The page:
Horace is a game of stark contrasts…contrasts that seem to have their veins running throughout nearly every aspect of the experience. On one hand, the story is heart-warming and compelling, but on the other, it’s so intrusive it prevents players from enjoying what the game has to offer. The gameplay is fun and responsive but also overly complicated and without coherence, and the visuals are fun and quirky but also simplistic in a way that prevents the story from having the resonance it should. There are things this game does well, but in many cases, it feels like the things it does well would have been better suited in a different game or a game that had ultimately been taken in a different direction. It spends too much time getting in the way of itself to be a truly enjoyable experience, which is a shame, because there’s a good game buried in there somewhere, it just shows itself too rarely to be able to be recommended.
The story in Horace is the chief culprit of many of the mixed feelings surrounding this title. In essence and without spoilers, Horace tells the story of a robot in search of his family after a tragic accident that leaves him on his own in the empty family home he has stayed in since he was “born”. Through a series of events, Horace finds himself working with a group of individuals that take advantage of his innocent naivety for their own gains. Horace, as a character, feels like someone who lacks the cognitive ability to understand the world and read people well enough to analyse the things they say and do. This leads to some truly compelling and moving moments. As someone who has disabled family members, it’s all too easy to see how an innocent mind can find themselves being taken advantage of in this regard, leading to many of the events in the story landing in a powerful way that is completely unexpected for a game of this type. Unfortunately, however, it seems that the developers are all too aware of the effort they put into the narrative and, as a result, take great pains to ensure as many players as possible are forced to experience it. In places, this leads to unnecessarily long cutscenes that, because of design, genre and artistic decisions, are incredibly dull and tedious. For some baffling reason, the developers also decided to make cutscenes un-skippable, so instead of allowing the story to stand on its own merits, players are forced to watch pixelated and cartoonish cutscenes depict a genuinely heavy story. Not only do these things mesh together poorly, but the un-skippable nature feels at times as if there’s an arrogance that just expects players to be interested and engaged with the story being told.
Visually, Horace uses a pixelated art style that is very much in vogue in the industry at present but, unfortunately, also a little long in the tooth. There’s a humorous tone to the game that works quite well with the bright colours, but again, this comes unstuck when it juts up against the narrative. The art style and sound design, which is very much reminiscent of the original text to speech programmes from the early 2000s, feel ill at ease with the brevity of the story, even if the story is broken up by an attempt at humour that misses the mark as often as it lands. Taken in isolation, the visual and audio design of Horace is fairly effective, but when taken as a whole, it feels less cohesive and more like each section was designed in isolation.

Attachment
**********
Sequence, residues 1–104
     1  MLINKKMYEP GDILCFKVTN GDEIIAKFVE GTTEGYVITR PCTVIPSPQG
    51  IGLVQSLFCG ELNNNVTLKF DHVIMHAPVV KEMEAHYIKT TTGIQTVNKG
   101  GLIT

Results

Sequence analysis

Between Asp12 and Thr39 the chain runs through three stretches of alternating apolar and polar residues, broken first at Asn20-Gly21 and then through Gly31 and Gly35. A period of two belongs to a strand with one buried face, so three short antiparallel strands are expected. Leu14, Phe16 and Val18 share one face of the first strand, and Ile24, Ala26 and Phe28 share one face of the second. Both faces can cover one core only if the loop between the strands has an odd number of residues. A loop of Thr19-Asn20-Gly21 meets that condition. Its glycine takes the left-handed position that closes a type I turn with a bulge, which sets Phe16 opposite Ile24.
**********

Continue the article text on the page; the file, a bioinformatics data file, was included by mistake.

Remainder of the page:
The gameplay is where Horace is able to put its best foot forward. Controlling Horace is an absolute dream. He’s responsive and on occasions when players die (and they will die a lot), it never feels unfair. The game is also a significant challenge, demanding tight, precise movements and will not bend to meet the player halfway under any circumstances. It makes you play by its rules, and players that don’t will be punished over and over again until they adapt. This may sound frustrating, but for the most part, it isn’t. It’s usually clear what must be done, and developing the skills to carry out the tasks is great fun, the chief drawback being that the player is pulled out of this experience all too often and forced to sit through extended cutscenes before they are allowed back into the action.
If we take each aspect of Horace and judge it on its own merits, it’s a great experience. Although not to everyone’s tastes, the visual style is effective, bright and vibrant. The gameplay is fun and engaging, and the story is surprising and hard-hitting, and those that become interested enough to see it through will be left thinking about it for long after it’s finished…unfortunately, we cannot take these aspects in isolation, and when taken as a whole, we have a visual style that in no way matches the brevity of the story its trying to tell. The story gets in the way of the gameplay and exhibits an unwarranted arrogance in forcing the player to engage with it for extended periods of time when they likely won’t want to, whether that’s through un-skippable cutscenes or flowing dialogue that the player must action through because it won’t proceed of its own accord. Horace is an okay game. There is certainly fun to be had, but unfortunately, you can’t help but feel that the game would be better if the puzzles and gameplay loop were extracted and allowed to breathe on their own. Unfortunately, although fun in spurts, the game seems desperate to get in the way of allowing players to actually play the game, and as a result, it’s a frustrating experience more often than not.
Developer: Sean Scaplehorn & Paul Helman
Publisher: 505 Games
Platforms: PC, Nintendo Switch
Release Date: 18th July 2019 (PC), 21st October 2020 (Switch)
Gaming Respawn’s copy of Horace was provided by the publisher.